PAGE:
BAMAKO, Mali - Soldiers arrested Mali's prime minister and forced him to resign before dawn Tuesday, showing that the military remains the real power in this troubled West African nation despite handing back authority to civilians after a March coup.
The ouster comes as the United Nations considers backing a military intervention in Mali, a once-stable country now in turmoil. By late Tuesday, a new prime minister had been named, but the developments drew international rebuke and raised questions on the viability of the military operation, which would use the country's military to try to take back Mali's north from Islamic extremists.
Prime Minister Cheikh Modibo Diarra, dressed in a dark suit, his forehead glistening with sweat, appeared on state TV at 4 a.m. to announce his resignation, hours after soldiers stormed his house.
"Men and women who are worried about the future of our nation are hoping for peace," he said. "It's for this reason that I, Cheikh Modibo Diarra, am resigning along with my entire government on this day. I apologize before the entire population of Mali."
Diarra, 60, is a NASA astrophysicist who has contributed to numerous space exploration missions. He is now under house arrest, said a spokesman for the junta, Bakary Mariko.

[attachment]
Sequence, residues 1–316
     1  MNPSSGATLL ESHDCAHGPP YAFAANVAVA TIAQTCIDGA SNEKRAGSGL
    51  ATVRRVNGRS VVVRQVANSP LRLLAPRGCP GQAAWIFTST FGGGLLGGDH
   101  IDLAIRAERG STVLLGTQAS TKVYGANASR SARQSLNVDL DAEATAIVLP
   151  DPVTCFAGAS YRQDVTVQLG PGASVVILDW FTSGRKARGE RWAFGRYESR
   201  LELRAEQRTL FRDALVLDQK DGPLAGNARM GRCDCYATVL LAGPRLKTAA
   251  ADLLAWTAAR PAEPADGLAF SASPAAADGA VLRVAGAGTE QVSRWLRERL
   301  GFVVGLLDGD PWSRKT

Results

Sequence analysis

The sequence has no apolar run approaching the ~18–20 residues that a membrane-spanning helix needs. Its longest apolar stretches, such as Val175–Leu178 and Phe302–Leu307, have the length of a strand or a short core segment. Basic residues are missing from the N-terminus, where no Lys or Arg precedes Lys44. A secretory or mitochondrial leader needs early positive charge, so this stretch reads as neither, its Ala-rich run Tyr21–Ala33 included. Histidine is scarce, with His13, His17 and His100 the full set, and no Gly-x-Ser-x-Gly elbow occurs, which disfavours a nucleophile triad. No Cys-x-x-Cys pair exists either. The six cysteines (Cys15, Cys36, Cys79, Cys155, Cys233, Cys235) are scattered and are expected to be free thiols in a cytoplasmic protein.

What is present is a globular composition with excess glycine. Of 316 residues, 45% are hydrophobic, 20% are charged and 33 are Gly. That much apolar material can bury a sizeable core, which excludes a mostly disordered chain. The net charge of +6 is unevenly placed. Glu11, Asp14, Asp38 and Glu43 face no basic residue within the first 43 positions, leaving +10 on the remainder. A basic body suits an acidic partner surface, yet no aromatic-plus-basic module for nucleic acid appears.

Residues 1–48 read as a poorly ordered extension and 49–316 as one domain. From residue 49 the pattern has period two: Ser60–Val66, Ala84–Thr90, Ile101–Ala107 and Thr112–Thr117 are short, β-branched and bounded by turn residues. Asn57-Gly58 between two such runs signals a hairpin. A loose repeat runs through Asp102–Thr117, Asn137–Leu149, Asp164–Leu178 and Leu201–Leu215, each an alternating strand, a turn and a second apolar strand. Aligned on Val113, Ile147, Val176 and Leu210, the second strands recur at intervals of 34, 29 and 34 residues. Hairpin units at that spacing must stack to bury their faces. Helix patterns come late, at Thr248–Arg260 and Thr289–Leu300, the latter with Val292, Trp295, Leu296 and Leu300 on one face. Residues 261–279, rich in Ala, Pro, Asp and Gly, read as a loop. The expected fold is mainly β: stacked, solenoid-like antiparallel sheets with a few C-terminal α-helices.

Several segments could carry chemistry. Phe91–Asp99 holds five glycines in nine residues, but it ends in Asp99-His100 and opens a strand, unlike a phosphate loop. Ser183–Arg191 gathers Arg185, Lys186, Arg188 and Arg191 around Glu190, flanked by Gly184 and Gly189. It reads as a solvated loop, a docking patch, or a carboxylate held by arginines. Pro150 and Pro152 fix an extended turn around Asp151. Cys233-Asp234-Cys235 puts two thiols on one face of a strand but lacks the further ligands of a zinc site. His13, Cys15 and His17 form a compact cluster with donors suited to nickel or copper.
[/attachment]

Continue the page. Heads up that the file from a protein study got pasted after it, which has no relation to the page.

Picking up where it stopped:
The government remains technically under the control of the interim president, Dioncounda Traore, who waited nearly 24 hours after Diarra's arrest to address the nation. Late Tuesday, he issued a decree naming a longtime civil servant, Django Sissoko, as prime minister.
On state TV, the coup leader, Capt. Amadou Haya Sanogo, accused Diarra of pursuing his personal ambitions. "We didn't force him," Sanogo said. "We facilitated [his resignation]."
The shake-up is already looking as if it may endanger plans for the military intervention. The African Union is proposing sending several thousand African troops to help the Malian military take back the north, which fell to al-Qaeda-linked Islamists in the chaos that followed the March 21 coup.